*H*with describe to variables $X=S1,V1,E1,I1,Q1,R1$, Hence, we have

*ψ*

_{1}(

*T*) =

*ψ*

_{2}(

*T*) =

*ψ*

_{3}(

*T*) =

*ψ*

_{4}(

*T*) =

*ψ*

_{5}(

*T*) =

*ψ*

_{6}(

*T*) = 0. As a result, the property set

*U*of controls and the optimality conditions give the result

### B. Numerical simulation of optimal control

Parameters used for simulated optimal control in this subsection are mentioned in Table II. Moreover, we compare the results of the optimal control applied to the time intervals without and with control. Indicated by the weight of the treatment. control *u*_{1} and weight accompanying the infected population *u*_{2} are taken as unity. In this second attempt at solving the optimal system (10), we will use iterative Runge–Kutta procedures of fourth order. A Runge–Kutta fourth order procedure is applied to solve state (10), based on our initial guess for the state variables. Our primary objective is to address the deputy variables through backward Runge–Kutta fourth-order procedures while simultaneously including state variables and transverse conditions. In addition to providing a comprehensive understanding of system dynamics, this approach enhances the accuracy of our analysis.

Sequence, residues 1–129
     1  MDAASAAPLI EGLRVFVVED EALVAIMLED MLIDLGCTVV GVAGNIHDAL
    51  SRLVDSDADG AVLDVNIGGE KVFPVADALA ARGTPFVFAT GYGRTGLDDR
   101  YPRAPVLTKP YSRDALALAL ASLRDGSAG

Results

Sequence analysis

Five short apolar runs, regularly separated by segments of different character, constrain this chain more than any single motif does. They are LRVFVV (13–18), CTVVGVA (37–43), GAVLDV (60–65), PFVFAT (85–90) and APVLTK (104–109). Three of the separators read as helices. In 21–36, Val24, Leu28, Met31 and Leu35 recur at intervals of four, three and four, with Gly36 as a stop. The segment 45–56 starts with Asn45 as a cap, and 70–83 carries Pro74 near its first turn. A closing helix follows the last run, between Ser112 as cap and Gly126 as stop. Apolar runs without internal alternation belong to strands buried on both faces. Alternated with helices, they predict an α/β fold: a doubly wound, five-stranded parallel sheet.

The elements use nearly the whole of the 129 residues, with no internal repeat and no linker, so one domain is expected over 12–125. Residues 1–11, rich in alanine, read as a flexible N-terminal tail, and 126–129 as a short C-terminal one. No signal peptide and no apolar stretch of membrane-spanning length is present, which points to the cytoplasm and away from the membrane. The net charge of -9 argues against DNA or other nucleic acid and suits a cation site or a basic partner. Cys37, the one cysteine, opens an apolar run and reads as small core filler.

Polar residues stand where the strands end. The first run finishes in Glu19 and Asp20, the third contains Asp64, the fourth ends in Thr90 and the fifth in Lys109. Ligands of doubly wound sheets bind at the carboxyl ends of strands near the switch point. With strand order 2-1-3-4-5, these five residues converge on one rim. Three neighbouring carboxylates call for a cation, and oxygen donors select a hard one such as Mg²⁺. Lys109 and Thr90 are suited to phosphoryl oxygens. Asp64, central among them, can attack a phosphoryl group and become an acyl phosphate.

Parameters . | Estimated values . | References . |
---|---|---|

Λ | 0.464 | 32 |

β | 0.503 | 33 |

λ | 0.4 | 32 |

μ | 0.04 | Assumed |

θ | 0.1 | Assumed |

α_{1} | 0.046 956 5 | Assumed |

γ | 0.030 | Assumed |

η | 0.012 | 33 |

δ | 0.2 | Assumed |

ϕ | 0.082 | 34 |

ω | 0.3 | Assumed |

Figure 10(a) shows the number of people who are susceptible. Without interventions, the number of susceptible people decreases more slowly over time (red curve), indicating a slower disease spread. With interventions (blue curve), the number of susceptible people decreases more rapidly, suggesting that the interventions are operative in dropping the disease outbreak.

Figure 10(b) shows the number of vaccinated individuals. Without optimal control, the number of vaccinated people remains at zero (red curve), as expected. With optimal control, the number of vaccinated people increases and then decreases over time (blue curve), reflecting the implementation of a vaccination campaign. After reaching a peak, it declines as fewer susceptible people are left to vaccinate.